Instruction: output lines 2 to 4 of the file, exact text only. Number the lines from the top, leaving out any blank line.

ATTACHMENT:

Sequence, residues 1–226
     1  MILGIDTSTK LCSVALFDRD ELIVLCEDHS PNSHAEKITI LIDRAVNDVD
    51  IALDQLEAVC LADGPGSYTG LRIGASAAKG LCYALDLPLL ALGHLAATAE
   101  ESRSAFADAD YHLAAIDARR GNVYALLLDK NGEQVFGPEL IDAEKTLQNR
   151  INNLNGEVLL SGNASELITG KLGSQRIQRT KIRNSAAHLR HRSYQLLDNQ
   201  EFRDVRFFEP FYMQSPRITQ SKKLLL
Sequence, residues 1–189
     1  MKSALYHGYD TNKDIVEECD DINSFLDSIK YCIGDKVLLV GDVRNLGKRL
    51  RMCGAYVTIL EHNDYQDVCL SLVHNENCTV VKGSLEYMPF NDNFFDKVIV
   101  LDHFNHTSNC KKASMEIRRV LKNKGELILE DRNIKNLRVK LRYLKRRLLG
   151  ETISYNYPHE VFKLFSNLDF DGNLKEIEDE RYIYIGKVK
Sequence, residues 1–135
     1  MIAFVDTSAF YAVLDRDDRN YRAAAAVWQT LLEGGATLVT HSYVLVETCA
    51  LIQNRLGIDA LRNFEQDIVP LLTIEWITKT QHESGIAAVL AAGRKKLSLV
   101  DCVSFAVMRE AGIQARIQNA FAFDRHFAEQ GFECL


     1  MILGIDTSTK LCSVALFDRD ELIVLCEDHS PNSHAEKITI LIDRAVNDVD
    51  IALDQLEAVC LADGPGSYTG LRIGASAAKG LCYALDLPLL ALGHLAATAE
   101  ESRSAFADAD YHLAAIDARR GNVYALLLDK NGEQVFGPEL IDAEKTLQNR